Synovus Financial Corp. (NYSE:SNV) operates as a bank holding company for Synovus Bank; it was founded back in 1888 and is headquartered in Columbus, Georgia.
Despite a slight recovery in recent weeks, the effects of the banking crises triggered by SVB’s bankruptcy are still being reflected in the price of Synovus Financial, which is definitely far from its all-time high. However, such a decline has revealed opportunities that were not there before, including a dividend yield of 4.80%.
As I will show you throughout this article, at this price Synovus Financial may be a good option, especially for those looking for high and sustainable dividends. But it is probably not for me.
In my opinion, deposits quality is the first aspect to consider when analyzing a bank, as it is the raw material on which the entire financial structure is based. I will now show you how Synovus Financial is positioned in this respect.
First of all, about 73 percent of deposits are insured, collateralized or insurable. The deposit base is both diversified and not very concentrated, which is positive. In fact, the top 100 uninsured customers account for just over 10 percent of total deposits.
Probably the least positive aspect concerns the cost of deposits, in fact in March 2023 the average interest paid was 1.63% when only a few months earlier it was 0.88%. In addition, it is also important to mention that non-interest-bearing deposits have decreased by $1.55 billion compared to Q4 2022, which is definitely a factor to consider. Synovus Financial has had to find other ways to replace these free funds, including time deposits and brokered CDs, both of which are significantly more expensive. Combining both deposits and loans, the overall average cost amounted to 2.33 percent in March, 101 basis points more than in Q4 2022.
Comparing the increase in the Fed Funds Rate and the cost of deposits, Synovus Financial was able to achieve a deposit beta of 30 percent, which is a decent result but certainly not optimal. According to the latest Fed estimates, we can expect at least two more 25 basis point hikes by the end of the year, which could mean that the deposit beta could continue to rise.
Over the past month I have been analyzing many regional banks, and Synovus Financial shows average results in terms of deposit costs; nothing worrisome but nothing exciting either. For example, there are banks like Banner that have not been affected as much by the interest rate increase; in fact, it still exhibits a deposit cost of less than 0.30 percent.
Earning Asset Composition and Net Interest Margin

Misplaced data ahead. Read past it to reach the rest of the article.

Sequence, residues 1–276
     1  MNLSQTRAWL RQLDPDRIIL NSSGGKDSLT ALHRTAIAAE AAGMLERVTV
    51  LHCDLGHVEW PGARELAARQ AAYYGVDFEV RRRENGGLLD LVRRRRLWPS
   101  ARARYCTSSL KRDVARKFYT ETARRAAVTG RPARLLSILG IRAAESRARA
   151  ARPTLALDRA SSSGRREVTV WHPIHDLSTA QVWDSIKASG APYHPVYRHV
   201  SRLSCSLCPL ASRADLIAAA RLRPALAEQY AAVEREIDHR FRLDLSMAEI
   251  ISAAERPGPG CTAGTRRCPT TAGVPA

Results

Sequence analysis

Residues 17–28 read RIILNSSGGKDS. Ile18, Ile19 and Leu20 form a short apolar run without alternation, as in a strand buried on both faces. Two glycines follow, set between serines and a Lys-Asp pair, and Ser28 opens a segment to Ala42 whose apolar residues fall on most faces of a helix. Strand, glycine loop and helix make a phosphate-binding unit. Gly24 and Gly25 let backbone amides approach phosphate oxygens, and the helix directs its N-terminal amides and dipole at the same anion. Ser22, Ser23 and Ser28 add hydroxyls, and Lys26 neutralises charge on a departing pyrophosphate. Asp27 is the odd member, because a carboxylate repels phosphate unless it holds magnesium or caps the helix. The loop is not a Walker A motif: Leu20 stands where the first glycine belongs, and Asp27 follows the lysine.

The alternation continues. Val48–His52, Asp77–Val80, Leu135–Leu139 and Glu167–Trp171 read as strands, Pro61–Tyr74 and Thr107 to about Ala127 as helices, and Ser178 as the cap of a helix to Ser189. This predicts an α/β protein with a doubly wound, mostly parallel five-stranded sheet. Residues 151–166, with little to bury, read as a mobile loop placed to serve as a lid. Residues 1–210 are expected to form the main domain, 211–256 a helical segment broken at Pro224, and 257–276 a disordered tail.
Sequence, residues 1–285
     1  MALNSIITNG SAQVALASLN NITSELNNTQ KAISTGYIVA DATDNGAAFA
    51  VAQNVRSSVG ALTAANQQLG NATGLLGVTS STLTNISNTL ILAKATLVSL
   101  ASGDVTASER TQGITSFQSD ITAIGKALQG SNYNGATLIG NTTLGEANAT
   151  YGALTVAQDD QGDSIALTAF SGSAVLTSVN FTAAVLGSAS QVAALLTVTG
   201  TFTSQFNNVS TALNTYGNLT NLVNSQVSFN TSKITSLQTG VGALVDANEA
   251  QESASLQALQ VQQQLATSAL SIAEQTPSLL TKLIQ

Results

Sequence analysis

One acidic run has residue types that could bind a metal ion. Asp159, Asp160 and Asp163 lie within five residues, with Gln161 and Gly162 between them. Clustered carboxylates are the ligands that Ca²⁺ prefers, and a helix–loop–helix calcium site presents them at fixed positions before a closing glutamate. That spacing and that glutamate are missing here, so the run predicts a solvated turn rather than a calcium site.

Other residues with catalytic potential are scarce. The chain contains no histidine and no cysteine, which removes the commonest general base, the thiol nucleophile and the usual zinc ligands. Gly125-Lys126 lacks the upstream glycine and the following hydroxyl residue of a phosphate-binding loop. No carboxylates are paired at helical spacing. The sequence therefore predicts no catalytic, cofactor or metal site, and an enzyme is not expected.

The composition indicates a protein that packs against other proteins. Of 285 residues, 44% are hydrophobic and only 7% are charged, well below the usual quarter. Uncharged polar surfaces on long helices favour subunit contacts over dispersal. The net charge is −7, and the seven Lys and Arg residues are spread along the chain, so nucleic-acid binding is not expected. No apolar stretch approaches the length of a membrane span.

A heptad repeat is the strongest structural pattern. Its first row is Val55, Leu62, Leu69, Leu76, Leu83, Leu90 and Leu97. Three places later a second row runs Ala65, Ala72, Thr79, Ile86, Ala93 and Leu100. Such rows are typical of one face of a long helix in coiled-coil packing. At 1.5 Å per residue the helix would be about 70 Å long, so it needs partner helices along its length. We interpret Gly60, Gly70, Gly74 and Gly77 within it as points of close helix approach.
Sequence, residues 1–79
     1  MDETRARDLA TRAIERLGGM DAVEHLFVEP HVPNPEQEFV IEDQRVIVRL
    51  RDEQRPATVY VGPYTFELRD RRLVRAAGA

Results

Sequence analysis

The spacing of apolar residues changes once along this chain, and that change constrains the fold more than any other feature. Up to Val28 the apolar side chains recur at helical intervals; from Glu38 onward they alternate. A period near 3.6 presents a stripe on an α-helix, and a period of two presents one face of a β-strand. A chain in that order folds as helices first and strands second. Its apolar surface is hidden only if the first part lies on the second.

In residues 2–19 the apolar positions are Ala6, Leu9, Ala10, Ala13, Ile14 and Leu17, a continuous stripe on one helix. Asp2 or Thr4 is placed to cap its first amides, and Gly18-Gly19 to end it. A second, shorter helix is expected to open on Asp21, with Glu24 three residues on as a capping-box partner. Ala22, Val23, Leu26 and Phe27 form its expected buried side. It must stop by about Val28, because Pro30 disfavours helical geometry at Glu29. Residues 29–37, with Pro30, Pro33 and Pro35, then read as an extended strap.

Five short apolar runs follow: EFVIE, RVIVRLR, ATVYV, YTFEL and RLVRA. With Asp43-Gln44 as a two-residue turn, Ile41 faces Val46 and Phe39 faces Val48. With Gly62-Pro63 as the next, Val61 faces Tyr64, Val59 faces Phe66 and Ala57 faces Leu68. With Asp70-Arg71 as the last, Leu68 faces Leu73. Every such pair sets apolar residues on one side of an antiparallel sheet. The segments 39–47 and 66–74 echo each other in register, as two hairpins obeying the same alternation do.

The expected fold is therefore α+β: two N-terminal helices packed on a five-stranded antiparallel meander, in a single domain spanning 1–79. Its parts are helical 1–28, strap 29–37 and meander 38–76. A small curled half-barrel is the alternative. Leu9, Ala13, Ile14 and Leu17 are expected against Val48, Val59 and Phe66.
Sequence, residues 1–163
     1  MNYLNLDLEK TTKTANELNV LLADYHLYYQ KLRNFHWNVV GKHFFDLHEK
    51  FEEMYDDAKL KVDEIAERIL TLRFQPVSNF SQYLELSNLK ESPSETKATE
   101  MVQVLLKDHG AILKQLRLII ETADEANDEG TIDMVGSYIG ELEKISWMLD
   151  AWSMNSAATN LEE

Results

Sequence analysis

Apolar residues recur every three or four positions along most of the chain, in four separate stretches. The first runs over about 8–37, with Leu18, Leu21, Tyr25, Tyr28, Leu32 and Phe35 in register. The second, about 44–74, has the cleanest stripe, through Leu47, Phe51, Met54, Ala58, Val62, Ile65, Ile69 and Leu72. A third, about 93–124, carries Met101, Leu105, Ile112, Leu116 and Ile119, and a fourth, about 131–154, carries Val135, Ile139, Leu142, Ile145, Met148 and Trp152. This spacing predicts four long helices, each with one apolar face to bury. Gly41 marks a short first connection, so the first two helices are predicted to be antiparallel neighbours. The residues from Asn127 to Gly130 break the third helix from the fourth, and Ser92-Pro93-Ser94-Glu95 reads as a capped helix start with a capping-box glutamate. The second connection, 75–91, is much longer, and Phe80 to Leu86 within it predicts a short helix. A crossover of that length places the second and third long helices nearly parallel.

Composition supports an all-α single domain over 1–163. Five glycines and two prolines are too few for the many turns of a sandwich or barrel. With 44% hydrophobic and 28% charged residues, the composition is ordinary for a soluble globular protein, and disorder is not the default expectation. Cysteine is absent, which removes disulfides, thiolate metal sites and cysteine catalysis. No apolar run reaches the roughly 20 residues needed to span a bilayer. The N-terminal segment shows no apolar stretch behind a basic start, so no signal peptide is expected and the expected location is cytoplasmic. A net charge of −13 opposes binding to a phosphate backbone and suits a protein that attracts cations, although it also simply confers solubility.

The deposits cost is not the only factor that adjusts for interest rates; there is also the yield on assets.
The loan portfolio rate gradually increased each quarter and reached 5.89 percent, which makes the increase in the cost of liabilities less bitter. At the same time, the securities portfolio also presented a growth in yield, although its size remained almost unchanged from Q1 2022.
Although not featured in this slide, with regard to the securities portfolio it should be pointed out that, as of Q1 2023, it is registering an unrealized loss of as much as $1.28 billion, a significantly large figure. In fact, it represents about 27 percent of equity. Synovus Financial, as well as many other banks, made major purchases of fixed-rate securities before the Fed aggressively raised interest rates, and this led to a large unrealized loss, especially for high duration securities. If the Fed were to cut interest rates a lot, the problem would recede: the point is that before 2024 it is unlikely to happen. So, as long as the macroeconomic condition remains the same, we have to consider this large unrealized loss in Synovus Financial’s balance sheet. The latter, of course also weighs on the Book Value per share, a key metric to which each bank’s price per share follows.
Staying with interest rate risk, in the last slide we can see the expected change in net interest income (NII) as interest rates change. A 100-basis point increase would have a +3.30 percent impact on NII; a 100-basis point decrease would have a – 3.60 percent impact. In short, the bank is positioned toward a further increase in interest rates. Thus, should the Fed reduce them, on the one hand the unrealized loss of the securities portfolio would be reduced, but on the other hand the NII would suffer.